Threads of mundanity and joy are woven in and out of his portraits. Whatever the commission, the viewer gets a sense of the person’s character through the naturalness of the shot. Interaction and intimacy are also key to Francis’ practice where, in all his work, he tries to get under the skin of the atmosphere and capture it through beautifully lit photography. “I’m realising that I’m really enjoying getting into the nuance of the work,” he says, reflecting on his career to date. “Now I want to tell the stories but also have a bit more of my philosophy on life included too.” Pouring in more of himself, what he’s been through, and what he’s learnt into the photographs, Francis’ imagery has gone from being purely reportage to the work of an artist. This can be seen astutely in his personal projects, which reveal how he looks at life and, in turn, tell stories. “I want someone to be able to look at my photos and feel like they could be in that frame,” he continues.

With an ever-evolving practice, Francis hopes his photography is on a path of limitless artistry, “until one day I die and I can’t take photos anymore,” he jokes. He talks us through his process which generally starts off with choosing a background. Secondly, he considers the light, which he maximises or minimises depending on the story. Then, when actually taking the photos, Francis likes to simply “hang out” with the subjects, making them feel comfortable and taking a couple of test shots to get a feel for the shoot. “I like it to be as normal and natural as possible,” he adds. The light, the metering and positioning merge together in Francis’ photography to create an image which bears the marks of imperfection in the style of the Japanese aesthetic philosophy wabi-sabi. “I want the photos to be as close to what I saw on the day as possible,” says Francis, “that’s really important to me.”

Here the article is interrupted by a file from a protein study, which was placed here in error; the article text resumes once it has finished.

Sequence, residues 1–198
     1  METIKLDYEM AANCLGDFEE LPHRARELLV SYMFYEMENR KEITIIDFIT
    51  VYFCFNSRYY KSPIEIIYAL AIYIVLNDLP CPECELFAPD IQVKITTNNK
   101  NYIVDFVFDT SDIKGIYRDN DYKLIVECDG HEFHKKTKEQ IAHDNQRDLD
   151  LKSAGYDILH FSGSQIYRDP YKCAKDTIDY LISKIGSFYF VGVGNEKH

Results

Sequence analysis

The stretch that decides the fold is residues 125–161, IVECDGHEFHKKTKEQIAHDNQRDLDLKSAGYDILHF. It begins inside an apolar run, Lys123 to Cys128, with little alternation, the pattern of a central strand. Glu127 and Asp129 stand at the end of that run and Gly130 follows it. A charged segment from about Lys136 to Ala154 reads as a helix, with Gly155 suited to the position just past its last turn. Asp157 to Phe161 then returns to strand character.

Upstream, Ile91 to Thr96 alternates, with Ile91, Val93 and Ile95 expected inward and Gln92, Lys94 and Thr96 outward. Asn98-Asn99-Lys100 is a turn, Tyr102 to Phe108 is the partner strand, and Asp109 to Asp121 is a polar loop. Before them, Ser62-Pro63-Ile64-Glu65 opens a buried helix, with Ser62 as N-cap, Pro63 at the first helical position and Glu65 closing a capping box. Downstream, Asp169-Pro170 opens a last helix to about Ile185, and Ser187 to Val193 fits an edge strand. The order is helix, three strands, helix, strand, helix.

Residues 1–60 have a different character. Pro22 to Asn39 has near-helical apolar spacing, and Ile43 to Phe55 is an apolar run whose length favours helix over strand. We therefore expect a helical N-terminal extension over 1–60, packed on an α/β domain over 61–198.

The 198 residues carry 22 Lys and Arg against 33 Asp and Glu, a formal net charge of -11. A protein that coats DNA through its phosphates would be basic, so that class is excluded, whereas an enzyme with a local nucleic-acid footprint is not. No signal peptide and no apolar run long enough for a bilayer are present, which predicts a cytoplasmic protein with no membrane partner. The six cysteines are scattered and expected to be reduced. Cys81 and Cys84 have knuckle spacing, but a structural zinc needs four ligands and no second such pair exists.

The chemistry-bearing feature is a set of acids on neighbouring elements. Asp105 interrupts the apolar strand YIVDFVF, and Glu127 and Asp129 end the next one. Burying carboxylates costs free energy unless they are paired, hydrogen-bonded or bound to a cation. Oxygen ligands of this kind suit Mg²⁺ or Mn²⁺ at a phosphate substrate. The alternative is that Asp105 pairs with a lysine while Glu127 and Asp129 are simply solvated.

Getting to the root of the feeling in his photography, Francis immerses himself in whatever atmosphere he's in to bring that feeling to the viewer. “I want people to find resonance with all the people I’m working with,” he says, nodding to the crew, the assistants, the stylists and so on who all have a part in building the final shot. As for what’s next in the future, well, that’s a question Francis has been pondering quite a lot recently. Apart from “smashing every project that comes up”, he hopes to push himself further, measuring his success against his prior self with the hopes of each photograph being better than the last one.

Speaking of the future, there’s one very exciting personal project that he has in mind which will hopefully come to a screen near you. And on top of that, he finally goes on to say, “I want to find a way to bring more people on to set who aren’t white men. I just want to be able to diversify the crews that I work with. For me, it’s beyond just taking the photos, it’s realising that there’s so much more to what I can do as a human being. There’s opportunities and friendships I can make.”

GalleryCopyright © Francis Augusto, 2021


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Copyright © Francis Augusto, 2021

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About the Author

Jyni Ong

Jyni joined It’s Nice That as an editorial assistant in August 2018 after graduating from The Glasgow School of Art’s Communication Design degree. In March 2019 she became a staff writer and in June 2021, she was made associate editor.